As the largest regional airline providing safe and reliable air service to more than 30 million passengers each year, the miracle of flight is at the center of the world we at SkyWest live and breathe every day. Our 11,700 professionals not only utilize their skills and expertise on a daily basis to safely carry more than 30 million passengers a year, but we also are active contributors to the communities where we live and work. So when the opportunity arose to be a part of the new FLIGHT exhibit at The Leonardo museum in SLC, SkyWest was a natural fit!
To help inspire and educate museum goers, SkyWest donated hundreds of used aircraft parts, components and, perhaps more importantly, members of the maintenance team donated their own time to assist in reconstructing parts of the exhibit. While SkyWest has never operated the C-131, our maintenance experts assembled the aircraft (inside of the museum!), which serves as the exhibit’s main attraction.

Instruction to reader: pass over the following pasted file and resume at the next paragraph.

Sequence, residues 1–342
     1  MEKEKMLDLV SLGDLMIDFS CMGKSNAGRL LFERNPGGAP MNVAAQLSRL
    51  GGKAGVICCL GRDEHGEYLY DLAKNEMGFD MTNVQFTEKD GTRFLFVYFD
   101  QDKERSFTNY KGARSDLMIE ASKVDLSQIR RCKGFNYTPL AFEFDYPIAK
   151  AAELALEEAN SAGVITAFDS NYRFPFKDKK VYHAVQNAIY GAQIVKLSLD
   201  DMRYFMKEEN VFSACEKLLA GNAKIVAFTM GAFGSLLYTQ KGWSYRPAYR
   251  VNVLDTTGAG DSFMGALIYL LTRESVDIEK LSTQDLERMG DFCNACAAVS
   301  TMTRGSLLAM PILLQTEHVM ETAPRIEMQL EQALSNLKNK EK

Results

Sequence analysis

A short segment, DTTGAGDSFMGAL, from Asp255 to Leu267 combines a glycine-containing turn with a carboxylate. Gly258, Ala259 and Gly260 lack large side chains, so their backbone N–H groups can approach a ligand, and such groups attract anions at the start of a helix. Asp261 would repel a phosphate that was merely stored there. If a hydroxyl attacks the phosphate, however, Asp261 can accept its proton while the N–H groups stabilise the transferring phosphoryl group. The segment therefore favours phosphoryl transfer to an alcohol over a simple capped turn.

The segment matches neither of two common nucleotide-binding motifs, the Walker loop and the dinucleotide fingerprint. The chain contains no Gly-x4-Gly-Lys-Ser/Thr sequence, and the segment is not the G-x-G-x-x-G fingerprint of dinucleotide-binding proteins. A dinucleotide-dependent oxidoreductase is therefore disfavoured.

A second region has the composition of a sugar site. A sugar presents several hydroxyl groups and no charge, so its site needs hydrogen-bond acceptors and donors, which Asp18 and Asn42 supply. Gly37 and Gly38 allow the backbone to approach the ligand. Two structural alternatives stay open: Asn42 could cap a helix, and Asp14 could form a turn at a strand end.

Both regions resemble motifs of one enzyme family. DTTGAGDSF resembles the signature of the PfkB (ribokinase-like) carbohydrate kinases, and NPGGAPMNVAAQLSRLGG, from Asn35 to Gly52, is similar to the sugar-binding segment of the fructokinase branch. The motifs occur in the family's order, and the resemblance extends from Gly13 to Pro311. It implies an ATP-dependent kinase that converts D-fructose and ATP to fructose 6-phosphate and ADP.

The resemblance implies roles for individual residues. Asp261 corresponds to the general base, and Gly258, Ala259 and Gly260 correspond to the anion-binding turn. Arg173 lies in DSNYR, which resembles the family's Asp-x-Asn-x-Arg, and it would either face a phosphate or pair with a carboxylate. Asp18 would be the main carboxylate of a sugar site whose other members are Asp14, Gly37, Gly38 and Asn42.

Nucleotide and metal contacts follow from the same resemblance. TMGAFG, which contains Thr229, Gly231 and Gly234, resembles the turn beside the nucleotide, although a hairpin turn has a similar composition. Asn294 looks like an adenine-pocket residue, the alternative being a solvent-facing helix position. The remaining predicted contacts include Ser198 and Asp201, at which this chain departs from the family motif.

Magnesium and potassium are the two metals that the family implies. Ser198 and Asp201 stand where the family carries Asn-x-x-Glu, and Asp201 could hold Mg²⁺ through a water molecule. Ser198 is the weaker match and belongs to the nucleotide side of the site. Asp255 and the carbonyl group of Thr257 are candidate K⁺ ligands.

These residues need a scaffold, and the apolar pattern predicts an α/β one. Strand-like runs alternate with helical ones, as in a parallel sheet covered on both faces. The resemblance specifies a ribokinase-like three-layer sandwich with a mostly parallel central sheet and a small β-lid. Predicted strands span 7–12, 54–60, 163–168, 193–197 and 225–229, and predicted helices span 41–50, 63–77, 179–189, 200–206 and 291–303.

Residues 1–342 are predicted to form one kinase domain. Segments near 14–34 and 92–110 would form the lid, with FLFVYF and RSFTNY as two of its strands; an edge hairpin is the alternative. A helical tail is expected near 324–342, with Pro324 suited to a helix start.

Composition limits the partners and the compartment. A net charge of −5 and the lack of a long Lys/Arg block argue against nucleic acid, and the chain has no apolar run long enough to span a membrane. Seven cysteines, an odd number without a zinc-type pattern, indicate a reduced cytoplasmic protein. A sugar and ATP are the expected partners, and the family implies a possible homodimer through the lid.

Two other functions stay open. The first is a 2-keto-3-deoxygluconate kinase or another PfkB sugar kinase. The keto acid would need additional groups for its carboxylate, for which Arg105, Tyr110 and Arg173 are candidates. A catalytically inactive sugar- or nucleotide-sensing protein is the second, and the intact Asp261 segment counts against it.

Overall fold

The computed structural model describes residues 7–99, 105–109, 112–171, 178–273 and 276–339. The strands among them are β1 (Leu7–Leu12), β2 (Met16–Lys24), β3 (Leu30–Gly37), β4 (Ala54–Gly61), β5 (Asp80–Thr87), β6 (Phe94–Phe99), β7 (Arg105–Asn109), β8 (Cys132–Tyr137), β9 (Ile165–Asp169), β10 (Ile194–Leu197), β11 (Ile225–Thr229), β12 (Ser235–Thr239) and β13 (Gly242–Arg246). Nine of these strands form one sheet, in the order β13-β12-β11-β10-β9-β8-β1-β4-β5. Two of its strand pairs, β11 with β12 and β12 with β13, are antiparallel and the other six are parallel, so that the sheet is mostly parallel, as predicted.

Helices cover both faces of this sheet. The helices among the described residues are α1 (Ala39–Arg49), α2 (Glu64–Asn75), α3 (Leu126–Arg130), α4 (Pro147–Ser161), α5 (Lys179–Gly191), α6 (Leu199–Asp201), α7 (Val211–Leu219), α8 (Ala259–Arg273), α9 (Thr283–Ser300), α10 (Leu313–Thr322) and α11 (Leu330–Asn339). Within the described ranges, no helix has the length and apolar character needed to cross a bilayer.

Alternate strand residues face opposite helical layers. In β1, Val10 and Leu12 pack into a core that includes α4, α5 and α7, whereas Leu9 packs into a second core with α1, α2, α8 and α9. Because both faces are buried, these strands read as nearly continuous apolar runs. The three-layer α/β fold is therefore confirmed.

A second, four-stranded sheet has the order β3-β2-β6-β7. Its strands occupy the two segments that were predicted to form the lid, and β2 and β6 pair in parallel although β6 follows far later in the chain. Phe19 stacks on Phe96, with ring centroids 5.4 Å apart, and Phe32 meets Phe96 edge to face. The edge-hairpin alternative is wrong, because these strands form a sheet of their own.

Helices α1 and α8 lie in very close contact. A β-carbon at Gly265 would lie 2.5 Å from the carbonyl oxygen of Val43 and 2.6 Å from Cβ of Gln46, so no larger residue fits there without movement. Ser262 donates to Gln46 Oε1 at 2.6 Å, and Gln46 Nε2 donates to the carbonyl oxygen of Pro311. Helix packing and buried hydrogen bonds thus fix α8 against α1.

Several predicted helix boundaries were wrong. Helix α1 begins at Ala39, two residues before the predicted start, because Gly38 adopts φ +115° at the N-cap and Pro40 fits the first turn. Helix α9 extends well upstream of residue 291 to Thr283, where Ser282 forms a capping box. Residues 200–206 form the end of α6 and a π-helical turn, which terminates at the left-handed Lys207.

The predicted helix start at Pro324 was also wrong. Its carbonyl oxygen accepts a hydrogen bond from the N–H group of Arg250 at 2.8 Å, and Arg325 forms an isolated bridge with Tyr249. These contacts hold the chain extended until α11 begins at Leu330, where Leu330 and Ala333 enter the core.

“SkyWest was founded on the belief that, through collaboration and innovation, we could improve our communities and the world around us,” said Lori Hunt, SkyWest VP of People. “It’s clear that our core principles resonate with the museum and its mission toward that same innovation and creativity. By sharing our love for flight with visitors, we’ll continue to inspire progress, evolution and excellence in the world of aviation.”
“We couldn’t have completed the exhibit without SkyWest’s generous donation, time and expertise in aviation,” said Alexandra Hesse, Executive Director of The Leonardo. “They were truly a community partner and we are so proud to have them here as the largest carrier in Salt Lake City.”
The Leonardo’s FLIGHT exhibit is an immersive experience into the world and ecosystem of flight, featuring several components and displays. Of course, putting together such an exhibit, that includes a rebuilt C-131 aircraft, flight simulators and aircraft parts, requires authentic materials and professional expertise to assemble those materials. The exhibit opened Aug. 6 and is expected to be at the museum for at least two years. For more information about the exhibit, visit www.theleonardo.org.